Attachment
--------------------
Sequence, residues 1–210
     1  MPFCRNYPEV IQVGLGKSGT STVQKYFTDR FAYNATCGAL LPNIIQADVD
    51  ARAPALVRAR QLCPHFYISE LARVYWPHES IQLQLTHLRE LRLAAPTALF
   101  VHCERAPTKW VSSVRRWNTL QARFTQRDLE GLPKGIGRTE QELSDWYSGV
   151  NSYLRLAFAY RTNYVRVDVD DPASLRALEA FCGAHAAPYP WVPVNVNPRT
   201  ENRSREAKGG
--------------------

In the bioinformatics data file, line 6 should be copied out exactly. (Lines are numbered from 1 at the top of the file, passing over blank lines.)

   201  ENRSREAKGG